While we might tend to give more credence to science than anything else, we also love stories. We immerse ourselves in stories, whether they’re our own personal accounts, the books we read, the movies we watch or the history we research. Stories are both an escape from current reality and a potential springboard to a brighter future. We can use them to perpetuate an old pattern or to create a vision of something fabulous.
Think of famous actors and how much money they make. Who else gets paid big bucks for telling stories and prancing around pretending to be something they’re not? Okay, yes, politicians do, although they don’t get paid as much as movie stars and they’re meant to protect our interests rather than just providing entertainment.
Our love of stories, movies and fantasies is all about creativity and imagination. It has nothing to do with science. And science itself would be a lot less advanced if it weren’t for our capacity to dream and envisage phenomenal things, and to tap into universal intelligence for inspiration, healing and breakthroughs. Creativity, intuition and imagination are not just necessary counterparts to left-brain scientific thinking; they are often the midwives that enable a theory, idea or innovation to be born.
Even scientists fall in love. We all have hearts, although we might try to hide our true feelings in certain contexts, for fear of being considered weak or effeminate. Yet we now know that heartbreak, emotional disconnectedness and loneliness can cause heart attacks and very real, physical conditions, whereas heartfelt emotions are magnetic, connecting us to things about which we care passionately, when fuelled by positive intention and determination. The heart does not use logical analysis to make inspired choices. It operates on a higher plane, tapping into the infinite realm of universal intelligence and intuition.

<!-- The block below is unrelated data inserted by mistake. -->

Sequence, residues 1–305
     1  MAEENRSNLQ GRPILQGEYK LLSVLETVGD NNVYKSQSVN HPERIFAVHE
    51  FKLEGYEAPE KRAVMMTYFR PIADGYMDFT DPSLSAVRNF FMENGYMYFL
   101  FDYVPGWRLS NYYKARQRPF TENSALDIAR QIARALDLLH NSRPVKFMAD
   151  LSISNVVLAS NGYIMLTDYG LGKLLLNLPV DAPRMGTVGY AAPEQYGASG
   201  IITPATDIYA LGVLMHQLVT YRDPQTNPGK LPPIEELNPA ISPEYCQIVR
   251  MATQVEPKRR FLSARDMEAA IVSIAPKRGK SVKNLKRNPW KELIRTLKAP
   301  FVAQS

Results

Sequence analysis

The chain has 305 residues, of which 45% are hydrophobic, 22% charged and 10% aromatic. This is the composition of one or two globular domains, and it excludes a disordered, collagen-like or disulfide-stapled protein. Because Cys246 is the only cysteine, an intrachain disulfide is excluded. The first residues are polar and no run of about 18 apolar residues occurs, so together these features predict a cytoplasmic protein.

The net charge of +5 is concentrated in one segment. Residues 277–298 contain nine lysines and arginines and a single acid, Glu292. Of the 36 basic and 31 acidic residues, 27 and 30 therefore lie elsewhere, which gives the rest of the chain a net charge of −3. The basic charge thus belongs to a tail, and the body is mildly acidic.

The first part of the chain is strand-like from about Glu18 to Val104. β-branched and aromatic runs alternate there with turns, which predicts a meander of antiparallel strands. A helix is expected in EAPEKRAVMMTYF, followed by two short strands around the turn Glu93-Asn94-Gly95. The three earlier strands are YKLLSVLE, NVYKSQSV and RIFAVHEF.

If your heart is disconnected from your head, it’s a bit like revving your car when it’s stuck in neutral. There’s power there but it’s not engaged; there’s potential for forward movement, but no one is actually driving, steering or focusing in a particular direction. Lots of noise but no action. A waste of energy with no useful outcome.
Home is where the heart is, but the heart is also home. If we abandon it in favour of our heads, we may feel lost, disconnected or conflicted, experiencing mixed results in our endeavours. Reconnecting to our heart and allowing it to guide us is the only sure way to stay true to ourselves and to create a life we love.
To get reconnected, try to incorporate the following seven steps into your daily routine:
1. Slow down and switch off. Fast-paced living prevents us from connecting with our feelings, processing our emotions and integrating life’s experiences. Busyness, social media and constant online connectivity can be a great way to avoid feeling pain, loss, conflict etc. We need stillness so we can become aware of the important subtle messages from our hearts and bodies.
2. Practise meditating. Emptying the mind and taking a break from analysing or questioning our lives creates space for inspiration and answers, while giving our over-worked bodies and brains a rest.